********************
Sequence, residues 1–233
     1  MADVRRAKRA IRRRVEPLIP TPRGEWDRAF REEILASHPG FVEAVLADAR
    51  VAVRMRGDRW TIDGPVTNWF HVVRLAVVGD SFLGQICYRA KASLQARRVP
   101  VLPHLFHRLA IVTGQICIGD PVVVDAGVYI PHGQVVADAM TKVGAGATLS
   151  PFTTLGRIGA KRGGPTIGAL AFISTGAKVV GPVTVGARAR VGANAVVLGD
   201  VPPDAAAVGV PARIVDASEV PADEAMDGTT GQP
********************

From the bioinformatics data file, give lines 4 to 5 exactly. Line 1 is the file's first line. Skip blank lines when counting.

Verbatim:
   101  VLPHLFHRLA IVTGQICIGD PVVVDAGVYI PHGQVVADAM TKVGAGATLS
   151  PFTTLGRIGA KRGGPTIGAL AFISTGAKVV GPVTVGARAR VGANAVVLGD